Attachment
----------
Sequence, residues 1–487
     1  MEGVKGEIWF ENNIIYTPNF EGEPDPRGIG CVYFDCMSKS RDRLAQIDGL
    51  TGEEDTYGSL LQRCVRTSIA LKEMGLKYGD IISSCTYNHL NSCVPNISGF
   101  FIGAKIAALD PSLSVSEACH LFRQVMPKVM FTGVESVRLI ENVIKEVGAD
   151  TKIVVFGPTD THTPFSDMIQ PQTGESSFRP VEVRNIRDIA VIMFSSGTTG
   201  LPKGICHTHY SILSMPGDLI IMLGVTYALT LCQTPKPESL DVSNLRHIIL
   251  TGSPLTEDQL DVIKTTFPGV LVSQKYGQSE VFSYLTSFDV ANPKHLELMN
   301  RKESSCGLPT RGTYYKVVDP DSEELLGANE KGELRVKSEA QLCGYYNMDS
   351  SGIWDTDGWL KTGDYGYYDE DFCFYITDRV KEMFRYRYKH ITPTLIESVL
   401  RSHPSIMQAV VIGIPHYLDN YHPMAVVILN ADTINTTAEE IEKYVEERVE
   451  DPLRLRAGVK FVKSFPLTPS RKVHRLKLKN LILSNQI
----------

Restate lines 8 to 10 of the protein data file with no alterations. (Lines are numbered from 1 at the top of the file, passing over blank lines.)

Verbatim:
   301  RKESSCGLPT RGTYYKVVDP DSEELLGANE KGELRVKSEA QLCGYYNMDS
   351  SGIWDTDGWL KTGDYGYYDE DFCFYITDRV KEMFRYRYKH ITPTLIESVL
   401  RSHPSIMQAV VIGIPHYLDN YHPMAVVILN ADTINTTAEE IEKYVEERVE